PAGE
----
Colonization with methicillin-resistant staphylococcus aureus and risk for infection among asymptomatic athletes: A systematic review and metaanalysis

Styliani Karanika, Tori Kinamon, Christos Grigoras, Eleftherios Mylonakis

Research output: Contribution to journalReview articlepeer-review

19 Scopus citations

Abstract

Background. Athletes are a vulnerable population for methicillin-resistant Staphylococcus aureus (MRSA) infection. Our aim was to determine MRSA colonization in asymptomatic athletes and estimate the risk for subsequent MRSA infection. Methods. We searched the PubMed and EMBASE (through 29 October 2015) for studies on MRSA colonization among asymptomatic athletes. Results. The pooled prevalence of MRSA colonization among athletes was 6% (95% confidence interval [CI], 1,13), and it was higher in the United States (8%; 95% CI, 2,17). USA300 was the most common strain detected (22%), and 62% and 36% of isolates were resistant to clindamycin and trimethoprim/sulfamethoxazole, respectively. The prevalence of MRSA colonization among collegiate athletes reached 13% (95% CI, 4,25). Sports with the highest prevalence among collegiate athletes were wrestling (22%; 95% CI, 0,85), football (8%; 95% CI, 3,15) and basketball (8%; 95% CI, 0,28). The risk for MRSA skin and soft tissue infection within 3 months after documented colonization among MRSA-colonized athletes was significantly higher than for noncolonized athletes (relative risk = 7.37, 95% CI, [2.47,21.94]). Decolonization treatment among colonized athletes decreased significantly the risk for infection (relative risk reduction = 0.33; 95% CI,.03,4.28). Conclusions. The prevalence of MRSA colonization among asymptomatic athletes is comparable to that among individuals with chronic illness, it is higher among collegiate athletes and can be twice that for patients in intensive care units. Importantly, colonization is associated with a >7-fold increase in the incidence of subsequent MRSA infection. Infection control and decontamination protocols for this population need to be studied and implemented with urgency.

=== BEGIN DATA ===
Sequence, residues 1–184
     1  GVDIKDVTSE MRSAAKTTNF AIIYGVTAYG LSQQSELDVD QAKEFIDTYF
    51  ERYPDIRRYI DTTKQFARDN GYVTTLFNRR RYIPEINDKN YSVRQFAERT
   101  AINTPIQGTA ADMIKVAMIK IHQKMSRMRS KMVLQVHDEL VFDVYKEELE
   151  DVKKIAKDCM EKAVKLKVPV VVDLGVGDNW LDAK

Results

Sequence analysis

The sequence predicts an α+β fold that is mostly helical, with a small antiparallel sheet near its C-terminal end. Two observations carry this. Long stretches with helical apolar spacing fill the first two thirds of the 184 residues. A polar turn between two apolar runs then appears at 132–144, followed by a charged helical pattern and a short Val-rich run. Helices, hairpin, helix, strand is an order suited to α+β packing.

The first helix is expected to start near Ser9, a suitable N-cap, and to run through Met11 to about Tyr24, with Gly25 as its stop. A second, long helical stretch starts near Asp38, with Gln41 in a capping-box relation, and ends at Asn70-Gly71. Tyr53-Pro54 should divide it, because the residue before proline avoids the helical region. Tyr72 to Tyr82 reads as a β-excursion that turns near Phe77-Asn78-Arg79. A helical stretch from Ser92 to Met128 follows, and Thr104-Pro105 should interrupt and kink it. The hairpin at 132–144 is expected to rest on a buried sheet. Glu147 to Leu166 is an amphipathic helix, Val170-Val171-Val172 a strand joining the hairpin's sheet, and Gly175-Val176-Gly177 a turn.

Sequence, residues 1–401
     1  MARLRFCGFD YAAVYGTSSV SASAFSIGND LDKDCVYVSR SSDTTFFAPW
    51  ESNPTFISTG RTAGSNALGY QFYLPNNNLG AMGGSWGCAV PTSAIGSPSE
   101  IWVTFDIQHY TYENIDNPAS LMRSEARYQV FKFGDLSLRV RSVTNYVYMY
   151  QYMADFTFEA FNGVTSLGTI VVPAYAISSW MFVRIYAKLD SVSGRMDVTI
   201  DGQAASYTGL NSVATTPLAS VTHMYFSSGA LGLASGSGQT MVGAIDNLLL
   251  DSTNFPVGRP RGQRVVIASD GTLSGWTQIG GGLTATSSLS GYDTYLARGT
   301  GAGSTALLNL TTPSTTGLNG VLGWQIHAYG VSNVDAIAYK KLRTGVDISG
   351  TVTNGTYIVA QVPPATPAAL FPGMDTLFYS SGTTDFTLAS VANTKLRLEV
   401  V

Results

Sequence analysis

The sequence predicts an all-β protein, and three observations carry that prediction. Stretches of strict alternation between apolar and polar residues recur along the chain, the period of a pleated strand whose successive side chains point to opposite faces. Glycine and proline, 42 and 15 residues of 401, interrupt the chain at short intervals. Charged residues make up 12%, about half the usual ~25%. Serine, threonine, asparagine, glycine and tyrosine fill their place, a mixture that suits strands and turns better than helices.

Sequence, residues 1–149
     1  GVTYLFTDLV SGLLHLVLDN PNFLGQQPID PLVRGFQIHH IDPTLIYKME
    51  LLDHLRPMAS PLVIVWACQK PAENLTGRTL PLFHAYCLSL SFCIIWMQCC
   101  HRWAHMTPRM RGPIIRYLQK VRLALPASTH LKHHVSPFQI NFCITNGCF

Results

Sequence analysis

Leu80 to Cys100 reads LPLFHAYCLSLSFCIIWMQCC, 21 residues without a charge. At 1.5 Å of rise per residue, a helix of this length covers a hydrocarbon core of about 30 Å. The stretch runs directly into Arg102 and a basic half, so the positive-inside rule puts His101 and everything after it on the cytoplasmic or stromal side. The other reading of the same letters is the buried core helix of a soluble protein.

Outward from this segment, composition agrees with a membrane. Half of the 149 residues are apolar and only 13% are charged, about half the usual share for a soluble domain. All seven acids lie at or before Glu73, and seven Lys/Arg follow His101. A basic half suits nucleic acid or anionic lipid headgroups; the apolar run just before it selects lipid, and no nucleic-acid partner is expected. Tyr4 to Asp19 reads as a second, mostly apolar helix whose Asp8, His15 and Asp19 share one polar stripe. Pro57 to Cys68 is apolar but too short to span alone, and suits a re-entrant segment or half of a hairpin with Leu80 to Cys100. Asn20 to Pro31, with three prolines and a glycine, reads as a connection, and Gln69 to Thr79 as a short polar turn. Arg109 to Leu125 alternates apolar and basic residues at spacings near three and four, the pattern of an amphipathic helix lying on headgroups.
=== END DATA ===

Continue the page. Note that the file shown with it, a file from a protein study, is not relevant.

Original languageEnglish (US)
Pages (from-to)195-204
Number of pages10
JournalClinical Infectious Diseases
Volume63
Issue number2
DOIs
StatePublished - 2021

Keywords

  • Athletes
  • Metaanalysis
  • Methicillin-resistant S. aureus
  • MRSA
  • Risk for infection

ASJC Scopus subject areas

  • Microbiology (medical)
  • Infectious Diseases

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